Introduction In the years 2000 and 2001, several European countries issued licences for third-generation (3G) mobile telecommunications, usually referred to as UMTS. In the context of the present book, where auction methods are analysed and compared to their alternatives, the UMTS case is of particular interest since it is one of the few cases in which countries have chosen different allocation mechanisms to allocate similar goods. Several papers have already been written on the European 3G licensing process.1This chapter is structured around the two main research questions of the present book, namely: (1) What mechanisms can be used to allocate rights to operate in a market, and under what set of circumstances should one allocation mechanism be preferred over others? (2) What are the important design issues once a particular mechanism is chosen? Section 2 addresses the first question. It categorises the different allocation mechanisms used by European countries and offers a comparative analysis. It is important to note at the outset that the usual distinction between auctions and Beauty Contests is too simplistic. Section 3 addresses the second main research question. It offers a general survey of the main issues pertaining to efficiency and revenue maximisation in licence auctions. In section 4, we look in more detail at the most flexible design-the German (and Austrian) one. Section 5 concludes. Licensing methods In the recent allocations of spectrum for UMTS mobile telephone services, European governments had to make decisions on two main issues: How many licences should be awarded, and with what spectrum capacity?.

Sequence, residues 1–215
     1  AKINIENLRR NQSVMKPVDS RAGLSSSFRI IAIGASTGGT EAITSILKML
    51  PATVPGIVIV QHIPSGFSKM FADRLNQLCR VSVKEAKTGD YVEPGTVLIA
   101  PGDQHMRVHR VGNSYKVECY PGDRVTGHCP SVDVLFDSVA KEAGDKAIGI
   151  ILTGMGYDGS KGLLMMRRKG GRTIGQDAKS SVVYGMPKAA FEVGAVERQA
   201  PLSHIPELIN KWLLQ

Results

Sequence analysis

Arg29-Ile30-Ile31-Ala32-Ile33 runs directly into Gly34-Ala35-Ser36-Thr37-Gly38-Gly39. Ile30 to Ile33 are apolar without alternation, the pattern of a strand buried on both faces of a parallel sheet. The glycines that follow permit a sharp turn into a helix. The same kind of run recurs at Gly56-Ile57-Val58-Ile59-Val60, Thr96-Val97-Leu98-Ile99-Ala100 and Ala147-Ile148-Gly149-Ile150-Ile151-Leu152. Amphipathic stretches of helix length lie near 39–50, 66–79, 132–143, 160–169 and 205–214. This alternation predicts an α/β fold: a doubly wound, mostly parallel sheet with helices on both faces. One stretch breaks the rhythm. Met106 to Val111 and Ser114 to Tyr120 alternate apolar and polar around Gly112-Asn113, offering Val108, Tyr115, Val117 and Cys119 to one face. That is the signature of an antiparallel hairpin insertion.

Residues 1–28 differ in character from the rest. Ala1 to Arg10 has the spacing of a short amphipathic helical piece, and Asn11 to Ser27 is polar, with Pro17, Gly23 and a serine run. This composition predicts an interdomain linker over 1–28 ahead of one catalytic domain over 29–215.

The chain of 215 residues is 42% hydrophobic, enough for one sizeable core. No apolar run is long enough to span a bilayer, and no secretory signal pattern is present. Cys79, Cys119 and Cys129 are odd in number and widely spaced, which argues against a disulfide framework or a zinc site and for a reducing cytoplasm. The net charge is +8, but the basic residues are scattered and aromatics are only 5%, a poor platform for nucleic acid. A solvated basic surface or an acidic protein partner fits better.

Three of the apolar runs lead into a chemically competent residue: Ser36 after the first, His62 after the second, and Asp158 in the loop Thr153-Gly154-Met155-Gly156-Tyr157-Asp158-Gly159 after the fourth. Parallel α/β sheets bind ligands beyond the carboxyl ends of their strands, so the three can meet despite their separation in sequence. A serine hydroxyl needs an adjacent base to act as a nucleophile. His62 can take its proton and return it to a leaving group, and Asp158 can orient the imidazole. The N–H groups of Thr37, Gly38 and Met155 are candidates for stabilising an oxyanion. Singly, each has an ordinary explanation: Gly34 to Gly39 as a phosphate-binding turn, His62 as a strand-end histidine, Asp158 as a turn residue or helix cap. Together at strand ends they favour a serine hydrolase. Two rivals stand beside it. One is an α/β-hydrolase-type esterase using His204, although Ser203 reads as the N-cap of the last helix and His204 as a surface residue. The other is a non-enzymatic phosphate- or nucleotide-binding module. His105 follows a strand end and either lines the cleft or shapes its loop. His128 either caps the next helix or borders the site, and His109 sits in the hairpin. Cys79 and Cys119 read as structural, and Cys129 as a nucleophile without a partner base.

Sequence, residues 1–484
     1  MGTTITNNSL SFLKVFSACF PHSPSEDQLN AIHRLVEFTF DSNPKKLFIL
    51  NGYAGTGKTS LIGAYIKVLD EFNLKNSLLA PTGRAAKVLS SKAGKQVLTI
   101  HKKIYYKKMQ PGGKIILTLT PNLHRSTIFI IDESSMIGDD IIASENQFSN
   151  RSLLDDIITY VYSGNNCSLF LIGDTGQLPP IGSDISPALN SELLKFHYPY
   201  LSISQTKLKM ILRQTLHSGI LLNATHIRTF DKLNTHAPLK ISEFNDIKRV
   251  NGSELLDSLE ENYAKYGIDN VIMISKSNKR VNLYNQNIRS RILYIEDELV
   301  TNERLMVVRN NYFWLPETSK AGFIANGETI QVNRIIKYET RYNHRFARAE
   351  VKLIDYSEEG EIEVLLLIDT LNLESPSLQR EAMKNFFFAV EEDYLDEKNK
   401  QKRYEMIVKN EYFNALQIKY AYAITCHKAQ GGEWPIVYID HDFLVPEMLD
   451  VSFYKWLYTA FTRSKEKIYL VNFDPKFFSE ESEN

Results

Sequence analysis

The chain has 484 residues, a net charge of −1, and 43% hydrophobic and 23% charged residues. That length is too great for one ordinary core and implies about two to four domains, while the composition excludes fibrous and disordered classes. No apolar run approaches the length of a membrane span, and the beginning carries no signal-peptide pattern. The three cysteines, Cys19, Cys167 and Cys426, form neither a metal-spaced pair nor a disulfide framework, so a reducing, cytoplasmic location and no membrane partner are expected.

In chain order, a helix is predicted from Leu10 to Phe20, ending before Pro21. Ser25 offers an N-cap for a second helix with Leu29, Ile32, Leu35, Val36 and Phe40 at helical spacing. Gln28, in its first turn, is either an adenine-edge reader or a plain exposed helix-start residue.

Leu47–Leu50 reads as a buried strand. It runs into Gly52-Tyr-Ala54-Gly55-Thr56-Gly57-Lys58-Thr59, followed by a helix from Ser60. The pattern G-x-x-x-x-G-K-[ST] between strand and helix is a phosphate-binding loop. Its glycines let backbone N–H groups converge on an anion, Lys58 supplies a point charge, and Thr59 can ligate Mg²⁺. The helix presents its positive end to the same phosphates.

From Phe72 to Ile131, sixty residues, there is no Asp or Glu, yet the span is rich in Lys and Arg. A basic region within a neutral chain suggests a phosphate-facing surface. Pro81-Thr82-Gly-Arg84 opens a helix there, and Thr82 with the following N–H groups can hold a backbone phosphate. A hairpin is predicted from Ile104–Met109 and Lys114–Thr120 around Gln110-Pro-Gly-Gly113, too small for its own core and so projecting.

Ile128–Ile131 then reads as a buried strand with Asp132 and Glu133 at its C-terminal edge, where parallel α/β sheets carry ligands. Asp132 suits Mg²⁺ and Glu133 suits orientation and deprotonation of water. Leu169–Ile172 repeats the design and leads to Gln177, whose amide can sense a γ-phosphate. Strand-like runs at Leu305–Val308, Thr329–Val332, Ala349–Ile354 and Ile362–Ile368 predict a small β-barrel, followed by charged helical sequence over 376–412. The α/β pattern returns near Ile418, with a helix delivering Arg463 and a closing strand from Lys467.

|Title of host publication||Auctioning Public Assets|
|Subtitle of host publication||Analysis and Alternatives|
|Publisher||Cambridge University Press|
|Number of pages||20|
|State||Published - 1 Jan 2004|